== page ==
Welcome to Fabulous Las Vegas: Advice from a Former Las Vegan to the Valley’s Newest

Welcome to Fabulous Las Vegas: Advice from a Former Las Vegan to the Valley’s Newest

By David Himmel

At the time of this writing, my friend and former Chicago-based poet, model, and musician, Dana Jerman is residing in her new home in Las Vegas, Nevada. Her husband, co-editor of Literate Ape, longtime storyteller mainstay, and man with a complicated relationship with his feet, Don Hall is just three days out from loading up the last vestiges of their Chicago life — forty years between the two of them — into his Prius to make the drive west and begin a new adventure in a part of America Joseph Smith once referred to as a “great place to do anal with child brides and legally take money from the Jews.”

It’s always a bummer when friends move out of the town you share to head to greener pastures. Or, as is the case with Don and Dana, dustier expanses dotted with new construction. If Don had told me that night back in September, or whenever it was, that they were moving anywhere except Las Vegas, I would have been more bummed. But Las Vegas is my home town, sort of. And that brings my friendly heart some comfort. And because so much of Don has (consensually) rubbed off on me, I’m actually excited for them both.

And so, as friends are wont to do, I offer Don and Dana advice as they begin their next adventure to help them survive and thrive in what I once snidely referred to as the Land of Dust and Bad Drainage Systems. 

• There are technically two ways to pronounce your new home state’s name. Only one is the right way. Silver State residents call home Ne-vă-da. To call it Ne-vah-da is to blatantly disrespect your neighbors. It’s the same as referring to your friend Jeff, who just completed gender reassignment surgery, as Jeff even though he’s now Melissa. Don’t be a dick. Don’t be like Donald Trump.

• Do Las Vegas. Like, be a tourist. Not all at once, but sprinkle trips to the Strip to see the tacky shows and the big, ballsy productions. My greatest regret while living there is that I always assumed I’d see Siegfried and Roy someday. But I waited too long and Roy was eaten by a tiger. Don’t ever let life’s tiger eat away at the opportunities presented before you.

• That said, don’t bother with Celine Dion’s show. It’s been sixteen years since I saw it and almost walked out because it was boring and she’s just kind of weird, but there are better, weirder shows to see that cost the same or less. Also, her (late) husband was in his late thirties when he began perving on her while in her teens, and even though they had a long and happy marriage HE’S A SICKO CHILD MOLESTER AND SHOULD BE IN HELL RIGHT NOW!!! #WokeAF #TimesUp #FrenchCanadianTeenageLivesMatter 

• The sunrises are worth watching. Almost always. The mountains are like prisms, somehow.

• You’re going to experience a new fondness for rain. Rain occurs so rarely in Las Vegas that when the clouds gather and open up, the city comes alive in a way that’s similar to how Chicago breaks out in song and dance when the temperature breaks 45 degrees Fahrenheit in February. What’s more, there is no place I’ve been to on this earth with better petrichor than in Las Vegas. Before and after the rain comes, it’s a smell you should cherish. But don’t fall into such a reverie while sniffing, that you lose your cognitive abilities. Rain in Las Vegas dampens down the dust and brings wonderful smells, but it also brings car crashes throughout every major artery. And flash floods. Those are fun to go running through in the greener parts of town, just don’t ever dare to drive through what looks like a puddle. If it’s raining in Las Vegas, the smart bet is that it’s not a puddle but a would-be watery Prius grave.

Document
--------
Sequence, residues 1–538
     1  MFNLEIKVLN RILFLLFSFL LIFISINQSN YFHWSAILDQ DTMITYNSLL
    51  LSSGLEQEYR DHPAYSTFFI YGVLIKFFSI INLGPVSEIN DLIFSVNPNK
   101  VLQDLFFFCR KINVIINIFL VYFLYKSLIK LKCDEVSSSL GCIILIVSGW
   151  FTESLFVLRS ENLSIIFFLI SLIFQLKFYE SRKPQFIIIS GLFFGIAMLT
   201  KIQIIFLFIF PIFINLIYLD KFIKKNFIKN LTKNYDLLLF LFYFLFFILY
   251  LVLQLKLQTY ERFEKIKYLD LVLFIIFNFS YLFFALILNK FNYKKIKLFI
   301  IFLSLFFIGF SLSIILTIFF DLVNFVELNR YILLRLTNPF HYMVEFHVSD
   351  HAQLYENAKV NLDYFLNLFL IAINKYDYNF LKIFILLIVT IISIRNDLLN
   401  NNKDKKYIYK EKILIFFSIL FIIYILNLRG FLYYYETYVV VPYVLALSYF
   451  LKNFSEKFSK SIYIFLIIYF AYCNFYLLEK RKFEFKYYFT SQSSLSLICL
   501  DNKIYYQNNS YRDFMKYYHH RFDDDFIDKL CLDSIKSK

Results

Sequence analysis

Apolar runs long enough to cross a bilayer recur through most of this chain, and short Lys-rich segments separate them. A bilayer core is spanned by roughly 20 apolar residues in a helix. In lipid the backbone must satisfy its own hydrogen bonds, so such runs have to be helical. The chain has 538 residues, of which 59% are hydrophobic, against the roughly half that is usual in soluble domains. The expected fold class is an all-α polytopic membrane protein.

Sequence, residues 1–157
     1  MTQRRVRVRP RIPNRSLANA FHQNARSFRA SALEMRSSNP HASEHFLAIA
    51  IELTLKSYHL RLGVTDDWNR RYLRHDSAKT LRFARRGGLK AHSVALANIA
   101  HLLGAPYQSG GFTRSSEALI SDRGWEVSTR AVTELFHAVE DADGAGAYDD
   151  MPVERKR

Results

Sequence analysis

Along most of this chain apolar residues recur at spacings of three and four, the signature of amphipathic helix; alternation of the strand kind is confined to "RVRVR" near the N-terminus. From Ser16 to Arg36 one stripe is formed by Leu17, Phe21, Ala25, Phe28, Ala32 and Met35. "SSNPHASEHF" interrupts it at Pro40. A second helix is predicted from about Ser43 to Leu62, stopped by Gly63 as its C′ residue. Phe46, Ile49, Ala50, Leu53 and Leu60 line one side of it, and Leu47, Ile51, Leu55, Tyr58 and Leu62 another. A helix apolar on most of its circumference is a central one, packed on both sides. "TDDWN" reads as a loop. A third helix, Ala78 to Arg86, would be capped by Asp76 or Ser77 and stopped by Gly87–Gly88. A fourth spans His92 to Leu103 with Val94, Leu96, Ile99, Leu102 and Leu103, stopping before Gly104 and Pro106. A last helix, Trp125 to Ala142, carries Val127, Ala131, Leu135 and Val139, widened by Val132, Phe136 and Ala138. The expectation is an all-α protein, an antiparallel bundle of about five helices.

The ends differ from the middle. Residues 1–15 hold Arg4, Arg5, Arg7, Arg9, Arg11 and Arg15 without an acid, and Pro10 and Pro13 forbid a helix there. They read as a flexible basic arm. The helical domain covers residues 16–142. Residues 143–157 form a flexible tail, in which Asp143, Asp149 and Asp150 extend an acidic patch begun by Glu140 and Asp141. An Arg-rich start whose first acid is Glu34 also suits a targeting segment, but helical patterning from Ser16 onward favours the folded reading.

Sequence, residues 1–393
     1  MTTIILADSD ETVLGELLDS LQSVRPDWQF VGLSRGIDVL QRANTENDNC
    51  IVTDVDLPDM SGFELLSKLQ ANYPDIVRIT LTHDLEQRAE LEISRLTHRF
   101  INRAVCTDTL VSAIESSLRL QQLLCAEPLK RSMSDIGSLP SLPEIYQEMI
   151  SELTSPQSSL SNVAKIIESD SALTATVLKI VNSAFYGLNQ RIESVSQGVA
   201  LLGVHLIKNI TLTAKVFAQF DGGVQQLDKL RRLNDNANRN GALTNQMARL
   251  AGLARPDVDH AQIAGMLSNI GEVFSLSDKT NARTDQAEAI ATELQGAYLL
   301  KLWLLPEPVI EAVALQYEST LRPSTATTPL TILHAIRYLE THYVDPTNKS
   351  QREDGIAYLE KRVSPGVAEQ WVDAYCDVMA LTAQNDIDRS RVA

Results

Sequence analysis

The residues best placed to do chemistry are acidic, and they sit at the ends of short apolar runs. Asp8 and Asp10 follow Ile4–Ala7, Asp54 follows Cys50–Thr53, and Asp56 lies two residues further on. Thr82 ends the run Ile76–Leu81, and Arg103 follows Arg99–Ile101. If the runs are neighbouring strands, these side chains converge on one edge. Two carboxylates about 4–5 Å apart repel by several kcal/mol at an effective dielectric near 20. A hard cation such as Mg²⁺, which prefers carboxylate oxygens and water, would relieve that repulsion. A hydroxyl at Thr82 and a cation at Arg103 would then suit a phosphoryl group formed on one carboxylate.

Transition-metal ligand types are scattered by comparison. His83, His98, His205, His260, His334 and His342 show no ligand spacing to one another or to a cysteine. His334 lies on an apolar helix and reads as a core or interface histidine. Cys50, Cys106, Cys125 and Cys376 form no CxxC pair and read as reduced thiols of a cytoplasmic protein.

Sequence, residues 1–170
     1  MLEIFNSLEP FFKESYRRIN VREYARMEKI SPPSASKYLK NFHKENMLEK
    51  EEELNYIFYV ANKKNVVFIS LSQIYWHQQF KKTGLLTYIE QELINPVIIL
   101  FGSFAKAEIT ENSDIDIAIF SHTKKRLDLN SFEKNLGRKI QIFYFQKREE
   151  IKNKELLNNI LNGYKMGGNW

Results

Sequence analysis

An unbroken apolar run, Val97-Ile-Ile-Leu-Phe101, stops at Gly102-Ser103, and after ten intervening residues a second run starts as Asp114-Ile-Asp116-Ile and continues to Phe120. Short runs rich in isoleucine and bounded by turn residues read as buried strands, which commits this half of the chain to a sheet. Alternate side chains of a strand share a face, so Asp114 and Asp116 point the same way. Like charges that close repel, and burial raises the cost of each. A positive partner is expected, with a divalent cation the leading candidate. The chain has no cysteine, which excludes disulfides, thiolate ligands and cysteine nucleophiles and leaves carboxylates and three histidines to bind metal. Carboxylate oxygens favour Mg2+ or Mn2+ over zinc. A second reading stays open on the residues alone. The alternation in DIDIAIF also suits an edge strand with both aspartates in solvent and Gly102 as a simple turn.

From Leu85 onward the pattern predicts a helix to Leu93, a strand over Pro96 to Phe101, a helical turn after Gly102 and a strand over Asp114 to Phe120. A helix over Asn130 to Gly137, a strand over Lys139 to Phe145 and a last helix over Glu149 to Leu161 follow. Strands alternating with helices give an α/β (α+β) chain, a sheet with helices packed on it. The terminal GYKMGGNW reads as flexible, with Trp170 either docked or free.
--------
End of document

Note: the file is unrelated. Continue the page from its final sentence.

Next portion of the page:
• If you’re struggling to get comfortable in your new surroundings, give it time. It took me a while, and the moment I relaxed and let the desert do its thing, I found my groove. And it was an incredible groove.

• You’re not going crazy. The red light at Flamingo Road and Decatur Boulevard is, in fact, longer than the green. No matter which direction you’re heading, no matter the time of day, no matter that it’s scientifically impossible, it’s 100 percent true.

• Get out of town. The best part about Las Vegas is its geographical proximity to so much of what makes America a pretty rad country to live in. You’re forty-five minutes from a big lake to the south and a gorgeous mountain to the north; two hours to the Grand Canyon; three hours to Los Angeles; twelve hours to Lake Tahoe; four hours to Mexico and the Pacific Ocean; a handful of fantastic national parks are within an afternoon’s reach. Seize them.

• July and August in Las Vegas are like January and February in Chicago. They can be unbearable and are not designed for too much time spent outside. Even when soaking in a pool.

• Always check your car seats for loose change before sitting down. In the summer months, your car is going to get dangerously hot. A rogue penny will brand Abe Lincoln’s face into your lower ass cheek for eternity. I’ve seen it happen.

• “Flip a bitch” = “make a U-turn.”

• Make friends with Brian Paco Alvarez and Donald Hickey. You do that, you can’t go wrong.

• Take advantage of the cheap flights to and from your new home to and from just about anywhere in the world.

• Spend an afternoon drinking at the bar of a whorehouse in Pahrump.

That’s it. That should get you started. Of course, you can always ask me for additional advice should the need arise. And I may throw some your way, unsolicited, as I fondly remember my life and times out there. Even if the advice turns out to be antiquated, it’s coming from a good place. And it’s how I’ll manage my jealousy because, damn, you guys are going to have fun out there.

Las Vegas is the perfect place for you, and you’re the perfect people for it.

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